RANDLE GETS GREEN LIGHT TO RACE S5000 IN TASMANIA



It is the news he’s waited a year to hear.


Rising Supercar racer Thomas Randle has been given a clean bill of health for the 2021 racing season, after a 12-month battle fighting testicular cancer.


The 24-year-old completed two cycles of chemotherapy, which finished on New Year’s Day – drawing to a close a battle that began in January of 2020.


“I didn’t want to make a fuss of having to do chemo – it’s something I knew I’d likely have to do since the Bathurst 1000 in October – I just wanted to put my head down and get it done,” Randle said.


“It was brutal and emotional, but it’s finally done, and the doctors are happy with the results, which is the main thing.

“To finish on New Year’s Day was kind of fitting to put to a close a pretty challenging 2020.


“Now it gives me a clean slate to focus on getting my fitness better than where it was last year and get back to the racetrack.”


Randle was first given the shock diagnosis of testicular cancer in January last year.


Following the Bathurst 1000 he underwent complex abdominal surgery prior to receiving chemotherapy.


“I always knew my form of cancer wasn’t a death sentence – testicular cancer is highly curable, and we caught it fairly early, so to be in remission now is a great feeling, and the doctors are very confident of a full recovery,” Randle said.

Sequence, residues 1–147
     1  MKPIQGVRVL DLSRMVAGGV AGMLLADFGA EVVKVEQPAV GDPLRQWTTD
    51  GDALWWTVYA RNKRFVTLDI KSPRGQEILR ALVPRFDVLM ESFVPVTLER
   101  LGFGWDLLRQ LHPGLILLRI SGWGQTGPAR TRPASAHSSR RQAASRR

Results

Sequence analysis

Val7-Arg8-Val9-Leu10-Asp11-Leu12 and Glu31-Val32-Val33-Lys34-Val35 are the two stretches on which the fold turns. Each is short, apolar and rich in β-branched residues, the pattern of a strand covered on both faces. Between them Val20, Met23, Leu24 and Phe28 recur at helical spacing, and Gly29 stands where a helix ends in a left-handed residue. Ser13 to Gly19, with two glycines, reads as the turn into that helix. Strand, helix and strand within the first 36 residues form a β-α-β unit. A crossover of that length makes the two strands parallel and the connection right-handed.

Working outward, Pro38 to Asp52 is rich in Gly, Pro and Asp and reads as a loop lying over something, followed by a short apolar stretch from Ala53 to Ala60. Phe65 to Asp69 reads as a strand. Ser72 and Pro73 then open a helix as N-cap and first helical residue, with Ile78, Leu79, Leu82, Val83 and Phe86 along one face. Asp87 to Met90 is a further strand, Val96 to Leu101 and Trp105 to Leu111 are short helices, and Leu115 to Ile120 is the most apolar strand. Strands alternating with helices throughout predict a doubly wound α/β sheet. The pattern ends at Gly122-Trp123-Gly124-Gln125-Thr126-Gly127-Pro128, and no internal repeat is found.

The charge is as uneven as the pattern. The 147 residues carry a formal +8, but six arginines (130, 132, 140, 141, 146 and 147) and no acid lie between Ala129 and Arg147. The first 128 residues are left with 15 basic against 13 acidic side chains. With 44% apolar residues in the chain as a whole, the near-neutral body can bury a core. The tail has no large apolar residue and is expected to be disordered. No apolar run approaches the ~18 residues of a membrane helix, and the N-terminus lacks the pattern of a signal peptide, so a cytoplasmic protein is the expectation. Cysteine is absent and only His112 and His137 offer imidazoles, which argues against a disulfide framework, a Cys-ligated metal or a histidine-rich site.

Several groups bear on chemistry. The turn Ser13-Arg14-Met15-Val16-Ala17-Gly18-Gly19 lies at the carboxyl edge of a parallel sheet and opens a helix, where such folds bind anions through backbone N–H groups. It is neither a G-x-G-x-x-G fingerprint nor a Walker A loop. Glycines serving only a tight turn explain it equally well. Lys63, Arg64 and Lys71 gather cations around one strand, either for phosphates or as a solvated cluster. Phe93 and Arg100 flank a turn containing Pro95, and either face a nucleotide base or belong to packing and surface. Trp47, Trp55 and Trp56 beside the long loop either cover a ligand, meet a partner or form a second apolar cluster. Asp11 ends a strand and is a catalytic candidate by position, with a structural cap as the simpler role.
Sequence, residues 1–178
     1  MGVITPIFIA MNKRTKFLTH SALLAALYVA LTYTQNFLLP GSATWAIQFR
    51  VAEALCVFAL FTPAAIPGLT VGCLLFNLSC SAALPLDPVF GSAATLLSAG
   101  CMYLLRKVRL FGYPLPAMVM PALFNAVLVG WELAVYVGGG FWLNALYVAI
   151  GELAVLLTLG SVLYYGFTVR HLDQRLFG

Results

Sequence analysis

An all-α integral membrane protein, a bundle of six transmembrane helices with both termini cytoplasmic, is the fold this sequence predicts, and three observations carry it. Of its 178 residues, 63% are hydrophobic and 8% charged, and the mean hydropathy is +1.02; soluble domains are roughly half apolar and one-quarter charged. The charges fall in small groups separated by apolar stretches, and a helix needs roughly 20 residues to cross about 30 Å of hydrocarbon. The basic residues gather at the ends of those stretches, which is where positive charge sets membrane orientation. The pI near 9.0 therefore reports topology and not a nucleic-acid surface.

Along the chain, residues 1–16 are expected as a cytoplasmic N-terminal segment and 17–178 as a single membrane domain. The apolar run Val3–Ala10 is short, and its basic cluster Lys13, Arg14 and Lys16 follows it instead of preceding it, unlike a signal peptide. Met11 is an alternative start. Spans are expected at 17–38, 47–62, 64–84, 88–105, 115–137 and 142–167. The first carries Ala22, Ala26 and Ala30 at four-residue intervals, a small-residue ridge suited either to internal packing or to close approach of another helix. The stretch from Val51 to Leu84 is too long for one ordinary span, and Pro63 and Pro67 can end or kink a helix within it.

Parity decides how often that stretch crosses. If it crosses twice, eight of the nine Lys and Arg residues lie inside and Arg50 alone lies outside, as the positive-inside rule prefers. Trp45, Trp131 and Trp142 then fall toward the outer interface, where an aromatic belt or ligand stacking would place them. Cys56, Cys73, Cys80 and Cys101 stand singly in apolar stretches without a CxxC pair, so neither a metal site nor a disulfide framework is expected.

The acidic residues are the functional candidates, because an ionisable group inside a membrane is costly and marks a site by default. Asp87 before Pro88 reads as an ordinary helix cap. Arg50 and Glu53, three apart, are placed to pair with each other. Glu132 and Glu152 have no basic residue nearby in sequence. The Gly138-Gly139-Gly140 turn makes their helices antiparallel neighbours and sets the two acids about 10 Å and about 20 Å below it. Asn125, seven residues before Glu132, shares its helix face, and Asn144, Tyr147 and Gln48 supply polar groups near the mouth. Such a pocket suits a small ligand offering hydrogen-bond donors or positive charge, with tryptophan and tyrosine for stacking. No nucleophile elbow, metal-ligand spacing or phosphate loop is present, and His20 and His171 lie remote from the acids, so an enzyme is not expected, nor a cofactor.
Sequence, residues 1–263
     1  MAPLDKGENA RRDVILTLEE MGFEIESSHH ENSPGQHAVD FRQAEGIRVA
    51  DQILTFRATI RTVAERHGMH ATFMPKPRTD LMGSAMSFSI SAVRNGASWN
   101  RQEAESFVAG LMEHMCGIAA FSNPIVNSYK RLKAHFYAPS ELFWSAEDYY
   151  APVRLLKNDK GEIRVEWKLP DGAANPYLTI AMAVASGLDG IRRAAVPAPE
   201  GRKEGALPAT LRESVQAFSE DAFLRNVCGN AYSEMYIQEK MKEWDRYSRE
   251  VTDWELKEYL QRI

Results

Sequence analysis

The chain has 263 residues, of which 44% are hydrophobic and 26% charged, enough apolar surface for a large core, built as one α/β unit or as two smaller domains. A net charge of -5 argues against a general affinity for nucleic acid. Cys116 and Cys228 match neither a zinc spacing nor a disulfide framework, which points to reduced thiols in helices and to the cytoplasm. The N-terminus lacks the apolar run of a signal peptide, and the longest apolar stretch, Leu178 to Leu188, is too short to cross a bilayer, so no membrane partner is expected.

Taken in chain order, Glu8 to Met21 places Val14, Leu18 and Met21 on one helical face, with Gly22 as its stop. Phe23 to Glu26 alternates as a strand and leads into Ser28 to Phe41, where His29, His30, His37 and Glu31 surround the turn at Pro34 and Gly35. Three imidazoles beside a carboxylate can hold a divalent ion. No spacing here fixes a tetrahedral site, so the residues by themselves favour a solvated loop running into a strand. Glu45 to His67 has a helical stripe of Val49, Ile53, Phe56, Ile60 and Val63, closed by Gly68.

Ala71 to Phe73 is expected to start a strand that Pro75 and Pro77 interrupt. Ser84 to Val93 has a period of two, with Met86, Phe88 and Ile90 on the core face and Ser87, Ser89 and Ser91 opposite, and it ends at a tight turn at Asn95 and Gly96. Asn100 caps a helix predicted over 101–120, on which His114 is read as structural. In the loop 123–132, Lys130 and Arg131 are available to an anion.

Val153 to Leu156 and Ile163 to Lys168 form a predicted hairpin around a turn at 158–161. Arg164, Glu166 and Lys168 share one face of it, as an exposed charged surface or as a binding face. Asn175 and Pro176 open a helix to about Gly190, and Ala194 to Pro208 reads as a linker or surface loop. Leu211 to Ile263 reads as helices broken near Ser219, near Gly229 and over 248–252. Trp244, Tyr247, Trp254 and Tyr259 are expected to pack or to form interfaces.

“I couldn’t be more appreciative of the help I’ve received – my oncologist, Dr Jeremy Lewin, and my surgeon, Associate Professor Nathan Lawrentshuk, have been simply brilliant to me and to my family. I have been in very good hands.


“I also want to thank my family and all of my friends for their support during such a tough time for me.”


The reigning Super2 champion is already now focused on a return to racing for 2021 – which will be headlined by a return to Tickford Racing for the Bathurst 1000, and will start with the S5000 Gold Star series in Tasmania on Australia Day weekend.




“My doctors say they’re happy for me to be back in a race car, so we’ll head to Tasmania and see how we go,” Randle said.


“My fitness isn’t at the level it was when I was last in a race car at Mount Panorama last October, but I’m confident I’ll be OK, and really looking forward to racing the S5000 at Symmons Plains.”


Randle’s cancer battle and success in the Supercars second tier series was recognised internationally when he was awarded the prestigious Innes Ireland Trophy by the British Racing Drivers’ Club – for displaying qualities of courage and sportsmanship.


Randle shared the award with Dr Ian Roberts – the FIA F1 Medical Doctor who bravely helped Romain Grosjean escape his fiery Bahrain Grand Prix crash late last year.